ROCK HILL — Three York County residents with several prior convictions for shoplifting and receiving stolen goods passed more than 30 counterfeit bills at several Rock Hill eateries and convenience stores within the last month, police say.
Police arrested Markeith Davon Hatcher, 24 and Jarvis Tyrron Hughes, 29, both of Rock Hill, and Brandi Ervin, 24, of York, charging them with forgery and uttering after they apparently received “a knot” of fake $20 bills and circulated them within the city, said Rock Hill Police Detective Keith Dugan.
Officials obtained video footage of the three suspects passing the duplicated $20 bills at several areas around town, Dugan said.
They didn’t strategically target a specific neighborhood or area, Dugan said, but each time their method was the same: “They buy a $1 menu item and get cash back. They actually knew exactly what they were doing.”
Last month, an employee at the Dollar General on East Main Street noticed that three $20 bills she was given were fake. According to police documents, Hatcher walked into the store and tried to make change. The employee compared the bills to an authentic $20 bill while Hatcher paced back and forth in front of the cashier’s counter.
After getting the opinion of another employee, the clerk told Hatcher she was calling the police. Hatcher claimed he didn’t know the bills were fake and he ran to a nearby store.
Both employees identified Hatcher from surveillance video and a photo lineup. Days later, police arrested Hatcher at his Hollydale Drive home.
During the investigation, officials determined Hughes and his girlfriend, Brandi Ervin, also were involved in the scheme.
All three suspects said their supplier was a man operating in Rock Hill who goes by the alias “J.K.” or “K.J.,” Dugan said.
Police gave Hatcher, Hughes and Ervin three weeks to come forward with information that would identify their supplier.
None did, Dugan said, and conflicting statements along with changing stories prompted officials to call in the Secret Service.
The Secret Service’s investigation is ongoing, Dugan said, but all three suspects could now be facing federal indictments, he said.
Dugan said police do not expect to make any other arrests.
Numerous bills passed
For several weeks, local businesses and fast food restaurants reported receiving fake money from customers.
In some instances, clerks and cashiers were able to identify the money as fraudulent. In others, unwitting patrons paid for food and merchandise with fake money.
Such was the case for one Concord, N.C., man who, after leaving his job in Pineville, N.C., Monday night, went to eat at the McDonalds on South Cherry Road only for the cashier to tell him that his $20 was fake, according to a police report.
The man told authorities he didn’t know the bill, which he got from tip money at work, was phony.
The businesses targeted for the fake bills lost the money with no hope of reimbursement, Dugan said.
“They failed to check the bill properly,” he said. “It’s unfortunate.”
Clerks at stores and restaurants may not know how to check for fake bills, Dugan said, or they might be in a hurry to complete a transaction.
In some cases, employees may feel like they’re harassing customers. “They don’t want to challenge them, so they take the bill,” he said.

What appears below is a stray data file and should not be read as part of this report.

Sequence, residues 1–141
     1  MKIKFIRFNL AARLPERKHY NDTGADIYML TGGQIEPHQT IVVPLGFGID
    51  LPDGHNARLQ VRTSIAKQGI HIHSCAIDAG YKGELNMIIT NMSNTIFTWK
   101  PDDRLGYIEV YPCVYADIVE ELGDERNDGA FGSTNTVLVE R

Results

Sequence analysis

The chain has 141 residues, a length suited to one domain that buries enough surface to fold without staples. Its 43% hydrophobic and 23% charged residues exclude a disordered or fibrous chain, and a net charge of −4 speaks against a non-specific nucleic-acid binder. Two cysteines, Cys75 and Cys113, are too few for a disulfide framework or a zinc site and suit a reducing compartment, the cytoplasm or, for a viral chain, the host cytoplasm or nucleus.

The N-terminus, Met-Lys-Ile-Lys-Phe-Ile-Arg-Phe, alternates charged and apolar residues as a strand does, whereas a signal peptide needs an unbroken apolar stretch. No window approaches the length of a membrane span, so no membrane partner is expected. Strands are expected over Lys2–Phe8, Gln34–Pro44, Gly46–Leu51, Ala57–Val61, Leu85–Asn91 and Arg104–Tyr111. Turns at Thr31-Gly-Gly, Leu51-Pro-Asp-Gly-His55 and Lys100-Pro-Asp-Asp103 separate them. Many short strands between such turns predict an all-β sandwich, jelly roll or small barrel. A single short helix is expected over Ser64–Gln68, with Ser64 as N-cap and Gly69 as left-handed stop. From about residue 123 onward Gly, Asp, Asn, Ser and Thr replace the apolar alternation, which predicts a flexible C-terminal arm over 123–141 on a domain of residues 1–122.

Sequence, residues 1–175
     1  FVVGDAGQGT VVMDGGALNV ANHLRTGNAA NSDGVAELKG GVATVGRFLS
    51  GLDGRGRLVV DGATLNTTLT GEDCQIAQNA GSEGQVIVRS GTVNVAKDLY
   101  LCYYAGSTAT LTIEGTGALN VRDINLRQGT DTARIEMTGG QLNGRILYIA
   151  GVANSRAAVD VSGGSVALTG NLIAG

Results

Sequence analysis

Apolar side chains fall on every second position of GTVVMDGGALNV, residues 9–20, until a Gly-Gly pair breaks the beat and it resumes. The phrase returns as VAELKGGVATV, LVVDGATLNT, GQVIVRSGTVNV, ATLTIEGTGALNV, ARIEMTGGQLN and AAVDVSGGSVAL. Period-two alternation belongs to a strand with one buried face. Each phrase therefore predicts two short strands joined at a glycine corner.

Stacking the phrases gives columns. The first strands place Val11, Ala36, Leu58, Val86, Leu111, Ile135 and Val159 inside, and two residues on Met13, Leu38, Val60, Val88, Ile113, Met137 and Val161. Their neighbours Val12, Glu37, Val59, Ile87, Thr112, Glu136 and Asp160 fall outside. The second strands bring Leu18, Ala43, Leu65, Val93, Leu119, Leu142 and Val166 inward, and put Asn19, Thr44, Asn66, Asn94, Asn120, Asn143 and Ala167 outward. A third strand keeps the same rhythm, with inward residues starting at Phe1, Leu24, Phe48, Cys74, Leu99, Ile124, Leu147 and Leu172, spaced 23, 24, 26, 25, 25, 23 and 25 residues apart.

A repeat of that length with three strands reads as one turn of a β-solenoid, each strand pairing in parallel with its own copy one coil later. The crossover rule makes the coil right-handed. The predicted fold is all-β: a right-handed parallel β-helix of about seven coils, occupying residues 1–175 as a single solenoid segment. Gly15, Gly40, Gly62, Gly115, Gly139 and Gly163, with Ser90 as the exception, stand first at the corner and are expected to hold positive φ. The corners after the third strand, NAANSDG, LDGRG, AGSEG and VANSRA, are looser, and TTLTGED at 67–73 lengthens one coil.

Sometimes it doesn’t show up until money is deposited, forcing authorities to figure out if the clerks themselves are involved with counterfeiting.
“The bills aren’t hard to tell that they’re fake,” he said.
Fake or real?
A good look at President Andrew Jackson’s face on a $20 bill can help determine if a bill is real or fake. A hologram of Jackson’s face should appear on the right side of the bill once it’s held up to the light.
If the hologram doesn’t match the emblem of Jackson’s face in the center of the bill, then the currency is fake, Dugan said. Jackson’s face is the one security feature the counterfeiters were unable to successfully reproduce, he said.
A pen to detect counterfeit money isn’t an end-all solution to discerning fake bills. “Don’t use it as a primary source,” Dugan said.
Some dollar bills, he said, are now bleached, making the detecting pen useless.
“That pen doesn’t work on a bleached bill,” he said. “If you take that bill down to its original pigment with acetone, that pen no longer works. It’s skewed.”
When the bills are held to the light, there should be a magnetic strip that details the dollar amount of the currency.
A counterfeit bill is without the strip and other security features – such as the president’s face – that are difficult to reproduce, he said.
Employees at the Pep Boys store on Cherry Road – victims of a counterfeit $20 bill last week – are trained to mark bills with a pen capable of detecting fake money, said Phillip Hart, store manager.
If cashiers feel a bill is suspect, they either tell the customer that they’ll have to pay with a different type of currency or the store will take the money and call the police.
“We don’t want to tell the customer there’s an actual counterfeit,” Hart said. “If it’s fake and they leave, we call the police and let the police try to track it.”
In the past, customers have paid with fake $100 bills, Hart said. Even though police took the bill into custody and investigated the counterfeit, the business took a hit.
“We take a loss on it and we have to go in and just zero that money out,” he said.
Counterfeit bills are becoming a common sight in Rock Hill, Dugan said. Officials have recently spotted several $5 bills being bleached as $100 bills.
“And, those are coming out of Charlotte,” he said.
Officials suspect that there could be hundreds more fake bills throughout the city.
Jonathan McFadden 803-329-4082